There are always special stories that emerge when the team of D.S.E, Parks Victoria, Melbourne Zoo, local vets and volunteers combine to implement the policy of maintaining a sustainable healthy population of koalas on our Island.
A detailed report of these activities is elsewhere on the website. (Click here)
This is the story of Tiger and Jan Hughes.
Or : A young Koala can be house trained ….sort of
We have Jan, a wildlife carer and in the other corner: Tiger a lonely baby koala in the other.
Tiger and his Mum arrived at the hall and during their initial vet check Tiger was found to need special attention.
“Tiger was found to have badly infected ears. His Mum was sterilised and released, but Tiger had to have his ears operated on, which was done by the head vet from the Melbourne Zoo team. He was given antibiotics and given to me to take care of. Because of his size (2.5 kilos) he has to be kept inside and his ears kept an eye on. He would have died of that infection if he had been released.
But Jan will tell the story:
The first two days of having him in care were a nightmare. He was a very fiesty little boy ( hence the name of Tiger ). He has five milk feeds a day and every time I’d put him in a pouch to feed him he weed on me. After talking to a lady who has over 30 years experience in wildlife caring I decided to sit him on a disposable under pad. When I get him out of his tree to feed him, he sits on the under pad and urinates. It only took a day for him to catch onto the idea.
HE HAS EVEN COME DOWN FROM HIS TREE THROUGH THE NIGHT AND DONE IT. Shame it does not work with the scat. That is still a sweeping up with the dust pan and broom job!
As I told you before, he is inside where we have built him two trees. He can hide amongst the leaves and jump from one tree to the other and on me if I get in the way.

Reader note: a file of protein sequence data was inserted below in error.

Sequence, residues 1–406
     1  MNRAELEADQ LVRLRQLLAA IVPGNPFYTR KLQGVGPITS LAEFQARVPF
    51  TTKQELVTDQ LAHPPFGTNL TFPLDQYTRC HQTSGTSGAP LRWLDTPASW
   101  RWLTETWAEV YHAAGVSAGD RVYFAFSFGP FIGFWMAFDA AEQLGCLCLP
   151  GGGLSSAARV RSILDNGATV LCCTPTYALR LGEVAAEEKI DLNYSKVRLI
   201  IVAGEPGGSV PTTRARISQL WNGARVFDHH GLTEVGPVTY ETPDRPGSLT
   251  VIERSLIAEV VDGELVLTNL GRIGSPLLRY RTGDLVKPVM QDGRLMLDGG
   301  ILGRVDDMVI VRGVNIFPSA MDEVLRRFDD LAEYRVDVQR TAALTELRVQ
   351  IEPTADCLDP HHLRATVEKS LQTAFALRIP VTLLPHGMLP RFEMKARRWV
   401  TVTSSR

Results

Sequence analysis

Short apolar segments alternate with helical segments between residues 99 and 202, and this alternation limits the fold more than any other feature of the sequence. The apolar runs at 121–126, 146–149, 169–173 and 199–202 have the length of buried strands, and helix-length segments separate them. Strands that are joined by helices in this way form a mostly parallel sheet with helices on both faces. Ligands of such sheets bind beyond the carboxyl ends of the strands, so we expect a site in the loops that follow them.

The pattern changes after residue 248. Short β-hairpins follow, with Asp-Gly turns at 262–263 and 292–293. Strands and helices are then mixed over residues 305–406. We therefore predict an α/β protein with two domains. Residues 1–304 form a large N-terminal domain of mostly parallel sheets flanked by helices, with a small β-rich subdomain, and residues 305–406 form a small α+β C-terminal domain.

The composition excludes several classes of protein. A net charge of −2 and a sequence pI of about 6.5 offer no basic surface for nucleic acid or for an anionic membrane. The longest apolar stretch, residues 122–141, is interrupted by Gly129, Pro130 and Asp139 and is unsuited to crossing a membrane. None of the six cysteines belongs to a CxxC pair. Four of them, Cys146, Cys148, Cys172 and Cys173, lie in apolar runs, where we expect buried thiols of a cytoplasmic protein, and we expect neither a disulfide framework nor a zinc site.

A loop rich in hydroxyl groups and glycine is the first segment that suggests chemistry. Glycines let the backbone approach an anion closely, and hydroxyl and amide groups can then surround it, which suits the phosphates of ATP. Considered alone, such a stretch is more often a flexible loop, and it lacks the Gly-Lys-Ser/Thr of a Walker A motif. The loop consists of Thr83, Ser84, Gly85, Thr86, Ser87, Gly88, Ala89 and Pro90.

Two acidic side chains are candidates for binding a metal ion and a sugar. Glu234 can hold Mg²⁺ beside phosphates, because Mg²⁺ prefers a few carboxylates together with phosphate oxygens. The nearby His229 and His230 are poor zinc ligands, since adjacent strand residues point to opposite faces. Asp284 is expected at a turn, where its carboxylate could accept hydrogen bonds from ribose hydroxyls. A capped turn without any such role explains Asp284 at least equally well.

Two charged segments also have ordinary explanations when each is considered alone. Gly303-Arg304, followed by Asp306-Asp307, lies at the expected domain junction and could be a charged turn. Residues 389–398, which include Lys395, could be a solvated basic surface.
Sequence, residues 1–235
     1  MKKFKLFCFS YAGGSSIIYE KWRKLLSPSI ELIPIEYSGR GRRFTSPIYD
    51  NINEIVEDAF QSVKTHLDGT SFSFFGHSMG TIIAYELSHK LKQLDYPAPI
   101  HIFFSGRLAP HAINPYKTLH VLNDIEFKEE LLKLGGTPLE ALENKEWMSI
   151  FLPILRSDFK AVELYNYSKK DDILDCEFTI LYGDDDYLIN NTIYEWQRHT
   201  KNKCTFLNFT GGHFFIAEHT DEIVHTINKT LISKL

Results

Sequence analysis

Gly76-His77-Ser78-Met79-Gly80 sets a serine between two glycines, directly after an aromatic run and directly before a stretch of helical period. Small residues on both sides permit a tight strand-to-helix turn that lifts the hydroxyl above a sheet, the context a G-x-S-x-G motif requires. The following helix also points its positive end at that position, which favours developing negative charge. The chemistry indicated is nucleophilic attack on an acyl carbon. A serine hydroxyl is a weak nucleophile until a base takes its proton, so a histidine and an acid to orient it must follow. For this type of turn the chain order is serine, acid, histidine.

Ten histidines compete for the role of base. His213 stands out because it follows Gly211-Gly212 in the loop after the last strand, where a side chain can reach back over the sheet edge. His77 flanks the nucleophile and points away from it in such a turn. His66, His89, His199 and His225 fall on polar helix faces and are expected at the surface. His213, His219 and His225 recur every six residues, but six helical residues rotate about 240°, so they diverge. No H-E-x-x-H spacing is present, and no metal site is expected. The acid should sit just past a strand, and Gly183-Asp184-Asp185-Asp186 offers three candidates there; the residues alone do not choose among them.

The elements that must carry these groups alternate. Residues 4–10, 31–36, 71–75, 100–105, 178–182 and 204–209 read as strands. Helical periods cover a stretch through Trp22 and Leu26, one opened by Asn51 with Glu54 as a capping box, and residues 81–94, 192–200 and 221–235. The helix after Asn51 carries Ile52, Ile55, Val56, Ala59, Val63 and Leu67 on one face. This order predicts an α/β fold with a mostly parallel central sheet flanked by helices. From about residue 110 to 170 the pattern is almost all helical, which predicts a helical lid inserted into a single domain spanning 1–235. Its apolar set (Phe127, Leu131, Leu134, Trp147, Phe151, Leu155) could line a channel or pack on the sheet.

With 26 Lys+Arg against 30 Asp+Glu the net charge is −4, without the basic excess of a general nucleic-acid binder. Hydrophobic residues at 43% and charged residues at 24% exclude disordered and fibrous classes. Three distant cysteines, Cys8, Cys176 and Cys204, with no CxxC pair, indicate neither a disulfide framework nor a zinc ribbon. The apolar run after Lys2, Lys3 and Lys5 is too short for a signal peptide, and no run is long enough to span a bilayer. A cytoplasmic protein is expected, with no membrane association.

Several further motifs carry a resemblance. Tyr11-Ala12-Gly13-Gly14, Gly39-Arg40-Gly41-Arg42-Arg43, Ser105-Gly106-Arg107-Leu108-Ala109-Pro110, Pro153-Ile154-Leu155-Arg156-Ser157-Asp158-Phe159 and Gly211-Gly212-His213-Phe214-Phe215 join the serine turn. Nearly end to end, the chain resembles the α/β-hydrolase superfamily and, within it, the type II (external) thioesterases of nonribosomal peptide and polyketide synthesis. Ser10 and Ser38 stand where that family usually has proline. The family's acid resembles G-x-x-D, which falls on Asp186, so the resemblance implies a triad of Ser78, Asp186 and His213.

He will have a vet check this week, just to see that the ears are OK. It will be nice when the fur grows back on his ears as they had to shave them when he had the initial operation.
We will update the adventures of Tiger on the website.
I also want to tell you the story of :
KATE and KING KONG
(Well done Kate!!)
As we were very short of carers in the post op area during the sterilisation program I had asked Lucy Clausen from DSE if Kate McKinnon could help. I knew Kate would take instruction and remain calm and level headed. During recovery from their operations the Koalas are kept warm with heat pads, hot water bottles, and a warm blanket. When they first awake they often bite furiously at anything, so we had furry cushions for them to bite on (better that than us)!
As Kate had not handled a koala before I was hoping for a small one for her. But what came off the operating table was “HUGE” The Granddaddy of all Koalas ! He weighed 13.8 kilos. Kate remained calm as she sat with him, sitting him up when it was time, holding him there until it was time to put him in his crate. While kneeling on the floor and lifting a koala that size is no mean feat, our Kate did it with great care and gentleness.
For the record that was the biggest Kola to be done!
Click on pictuers
From 2010 Managment.
Click on photos